Student athletes face a challenging set of pressures. Like any young people, they must navigate their own aspirations, work with their family's needs, and juggle academics. But students that are also athletes face the additional pressures to maintain scholarships, perform on the field, adhere to team requirements, and keep up demanding practices and training schedules. In fact, a 2011 NCAA survey showed that football and men’s basketball players identify themselves more strongly as athletes than as students. For that reason -- we discuss the ways in which an athlete's pressures almost match that of a job -- the National Labor Relations Board ruled that Northwestern University’s football team was eligible to unionize.
The pressures that student athletes face, however, don't necessarily imply that the team is in any way exploitative -- or under any less pressure than the athlete herself. Teams face a myriad of pressures as well, and often with insufficient resources to meet them. Despite widespread beliefs that sports teams are money-making machines, only 10% of Division I college sports programs turn a profit. Teams -- and the coaches, athletic trainers, and other staff that make them up -- are under pressure from the university, their own budgets, professors, parents, and the athletes themselves. It's a delicate balance with high stakes. An injured player can present a set of difficult decisions and each stakeholder may have a different opinion on the right course forward.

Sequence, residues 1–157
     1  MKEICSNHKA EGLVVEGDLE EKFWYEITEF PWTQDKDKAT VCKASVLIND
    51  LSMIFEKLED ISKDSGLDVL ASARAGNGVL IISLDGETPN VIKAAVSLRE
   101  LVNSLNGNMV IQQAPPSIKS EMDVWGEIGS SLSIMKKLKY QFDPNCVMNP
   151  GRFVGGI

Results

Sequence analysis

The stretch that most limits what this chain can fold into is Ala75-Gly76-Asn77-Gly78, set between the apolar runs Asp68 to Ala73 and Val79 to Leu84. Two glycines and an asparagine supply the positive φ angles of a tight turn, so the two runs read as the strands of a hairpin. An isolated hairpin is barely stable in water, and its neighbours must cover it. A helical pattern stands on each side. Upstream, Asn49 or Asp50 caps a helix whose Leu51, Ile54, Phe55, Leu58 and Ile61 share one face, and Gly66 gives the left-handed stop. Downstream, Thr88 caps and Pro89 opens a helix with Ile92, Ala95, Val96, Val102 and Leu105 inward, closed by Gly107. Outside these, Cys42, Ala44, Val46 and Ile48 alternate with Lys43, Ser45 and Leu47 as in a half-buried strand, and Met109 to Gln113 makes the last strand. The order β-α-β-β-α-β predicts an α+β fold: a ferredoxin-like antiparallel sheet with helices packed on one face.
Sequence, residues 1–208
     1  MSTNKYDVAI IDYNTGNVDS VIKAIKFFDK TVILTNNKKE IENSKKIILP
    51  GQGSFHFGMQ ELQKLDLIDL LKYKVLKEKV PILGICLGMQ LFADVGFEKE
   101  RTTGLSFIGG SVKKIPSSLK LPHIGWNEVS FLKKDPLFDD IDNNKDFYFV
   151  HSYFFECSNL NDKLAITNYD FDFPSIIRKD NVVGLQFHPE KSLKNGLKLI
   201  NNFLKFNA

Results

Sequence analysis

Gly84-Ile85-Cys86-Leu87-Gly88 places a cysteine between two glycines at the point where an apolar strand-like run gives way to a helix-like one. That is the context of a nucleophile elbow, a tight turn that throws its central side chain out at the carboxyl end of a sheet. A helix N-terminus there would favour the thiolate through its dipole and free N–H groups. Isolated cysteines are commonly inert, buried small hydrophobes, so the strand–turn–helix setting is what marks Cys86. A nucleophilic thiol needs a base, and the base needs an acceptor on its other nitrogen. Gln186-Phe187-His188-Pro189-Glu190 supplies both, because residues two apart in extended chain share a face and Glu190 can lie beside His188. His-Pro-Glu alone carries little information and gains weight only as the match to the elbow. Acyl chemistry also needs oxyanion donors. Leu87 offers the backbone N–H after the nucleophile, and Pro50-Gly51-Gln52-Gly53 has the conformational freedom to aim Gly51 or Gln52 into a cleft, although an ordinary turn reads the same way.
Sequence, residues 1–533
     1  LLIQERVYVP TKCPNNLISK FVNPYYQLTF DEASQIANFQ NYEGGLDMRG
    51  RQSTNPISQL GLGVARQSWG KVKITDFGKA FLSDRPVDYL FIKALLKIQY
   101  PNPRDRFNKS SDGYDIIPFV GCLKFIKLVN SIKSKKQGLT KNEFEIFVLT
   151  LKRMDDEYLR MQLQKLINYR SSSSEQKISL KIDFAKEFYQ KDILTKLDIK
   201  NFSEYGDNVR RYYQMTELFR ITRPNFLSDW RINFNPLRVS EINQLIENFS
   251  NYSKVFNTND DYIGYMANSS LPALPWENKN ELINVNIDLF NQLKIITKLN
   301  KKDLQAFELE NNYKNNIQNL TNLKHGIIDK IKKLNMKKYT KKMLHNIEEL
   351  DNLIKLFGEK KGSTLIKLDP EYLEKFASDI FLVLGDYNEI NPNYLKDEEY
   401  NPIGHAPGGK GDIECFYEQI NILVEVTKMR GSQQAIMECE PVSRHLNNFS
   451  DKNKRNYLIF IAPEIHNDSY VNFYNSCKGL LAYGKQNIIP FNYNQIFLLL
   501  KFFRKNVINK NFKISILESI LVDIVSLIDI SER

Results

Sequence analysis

One example of the recognition of these pressures is Natasha's Law, which requires high school coaches and trainers to make sure that a player with a concussion doesn't experience any further symptoms for a full 30 minutes before putting back her into play. Some coaches, trainers, or players may object to this kind of regulation, arguing that they can make better decisions than the law can. But sometimes this kind of regulation actually makes athletic trainers' lives easier by mitigating demands.
As the New York Times recently wrote:
"Strong athletic departments do two things well. They afford young athletes the chance to reach their full potential, and they prepare them for life when the cheering stops."
Athletic trainers walk this line every day. First of all, there can sometimes be a contradiction between supporting a young athlete in reaching his full potential today and preparing him for life after sports. Second, the athletic trainer and department must consider the needs of not just "this" athlete -- but of all the athletes on the team, present and future.
What pressures do you face as medical providers treating athletes? Have you noticed them increasing over time? We look forward to hearing, in the comments below.
And get our guide on how telemedicine can help deal with the pressures you face as an athletic trainer:
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